|Publication number||US6515817 B1|
|Application number||US 09/376,354|
|Publication date||Feb 4, 2003|
|Filing date||Aug 18, 1999|
|Priority date||Aug 20, 1998|
|Also published as||US6906889, US20020191328|
|Publication number||09376354, 376354, US 6515817 B1, US 6515817B1, US-B1-6515817, US6515817 B1, US6515817B1|
|Inventors||Takehiko Hamaguchi, Hisashi Takano, Futoshi Tomiyama, Toru Matsushita|
|Original Assignee||Hitachi, Ltd.|
|Export Citation||BiBTeX, EndNote, RefMan|
|Patent Citations (4), Referenced by (12), Classifications (18), Legal Events (7)|
|External Links: USPTO, USPTO Assignment, Espacenet|
1. Field of the Invention
The present invention relates to a magnetic disk drive in which the rotation of the spindle motor is halted or stopped for the purpose of achieving lower power consumption In particular, the invention relates to a magnetic disk drive for reducing the recovery time from the stopped or halted condition of the spindle motor to a rotational speed at which read and write can be performed.
2. Description of the Related Art
A head of a magnetic disk drive moves in the radial direction during rotation of the disk, and is accurately positioned to a target data track for performing read and write of information magnetically. FIG. 1 shows a sectional diagram of the configuration of a typical magnetic disk drive, which includes six heads 11, three disks 12-1, 12-2, 12-3 and a rotary actuator 13 that are stored in an enclosure. The heads 11 are supported by the rotary actuator 13 and are driven by a voice coil motor 14. Read and write are performed on both sides of the disks 12-1, 12-2 and 12-3, respectively. A package board 17 having the main part of the electronic circuits for controlling the magnetic disk drive is placed outside of the enclosure.
FIG. 2 shows a plan view indicating a configuration of an enclosure of a magnetic disk drive. A disk 12 rotates around an axis A in the direction indicated by an arrow, at the speed of several thousand rotations per minute. A rotary actuator 13 is driven by a voice coil motor, performs a reciprocating rotation motion pivotally around a position B and can move head 11 in the radial direction of the disk 12 as indicated by an arrow. Head preamplifier 15 for read and write, which is a part of the electronic circuits are not placed on a package board 17 of FIG. 1, is shown in this figure.
FIG. 3 shows a partial plan view of a magnetic disk drive including a data track 16, a magnetic disk 12 and a head 11 of a rotary actuator 13. Servo information for representing the positioning information of the head 11 is written on the magnetic disk 12 beforehand, for example at the factory. The electric power supplied to the voice coil motor is based upon the positioning information and is regulated to achieve accurate positioning of the head 11 for a target track 16 which is performed via a rotary actuator 13. The head positioning process for the target track is called a following operation. While the following operation is performed, the read and write of information are performed magnetically. Although tracks 16-1, 16-2, 16-3, 16-4 and 16-5 are indicated respectively by a solid line in FIG. 3, these tracks 16-1 through 16- are produced by magnetic information and cannot be recognized optically. Since these tracks number more than ten thousand on the disk 12, the tracks have a much greater density than as shown in FIG. 3.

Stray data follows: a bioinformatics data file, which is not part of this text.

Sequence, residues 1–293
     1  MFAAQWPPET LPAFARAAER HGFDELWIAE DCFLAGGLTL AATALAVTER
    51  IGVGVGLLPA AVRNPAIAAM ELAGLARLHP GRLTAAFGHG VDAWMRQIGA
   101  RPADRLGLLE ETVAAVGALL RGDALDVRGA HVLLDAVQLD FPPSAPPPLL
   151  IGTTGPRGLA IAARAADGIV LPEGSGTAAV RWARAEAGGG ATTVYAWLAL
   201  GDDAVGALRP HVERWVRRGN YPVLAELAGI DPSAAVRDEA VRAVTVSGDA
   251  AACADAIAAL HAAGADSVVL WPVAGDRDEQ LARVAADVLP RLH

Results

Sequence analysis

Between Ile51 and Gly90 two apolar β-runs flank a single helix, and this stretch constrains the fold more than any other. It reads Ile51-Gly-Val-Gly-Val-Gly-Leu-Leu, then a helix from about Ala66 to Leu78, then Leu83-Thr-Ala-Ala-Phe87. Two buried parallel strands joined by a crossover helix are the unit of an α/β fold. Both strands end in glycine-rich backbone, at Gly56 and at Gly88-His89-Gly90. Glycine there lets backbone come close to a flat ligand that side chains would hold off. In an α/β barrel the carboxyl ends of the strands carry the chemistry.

An operation for halting or stopping the rotation of the spindle motor for the purpose of reducing power consumption of the magnetic disk drive is widely employed in portable computers. For instance, the ATA interface standard standardized in X39.2 of ANSI sets forth an automatic power down sequence as a standard. According to this standard, the spindle motor is automatically halted and the power consumption is reduced when a data transfer request does not occur within a time predetermined by the user in a stand-by timer.
FIG. 4 shows a time chart of an automatic power down sequence. At first the disk is stopped in a stand-by status 40 and a host machine issues a command 35 for a magnetic disk drive to start rotation of a disk. In response, the magnetic disk drive performs the start of disk spin-up 30. The time it takes for increasing rotation of the disk in a process waiting time 37 and a status beginning from an end of the disk spin-up 31 is called an active status 41. Since the magnetic disk drive can perform read and write of data only in the active stat us 41, a command issued from the host machine is implemented in an execution time 38 as shown in FIG. 4. If the host machine does not issue an instruction after the issuance of the instruction 35 before elapse of the stand-by timer setting time, the start of disk spin-down 32 is executed to achieve stand-by status 42 at the end of disk spin down 33. Then, another start of disk spin-up 34 is executed when a command 36 is issued by the host processor. The process of issuing a command 35 and a next command 36 is a repetitive one.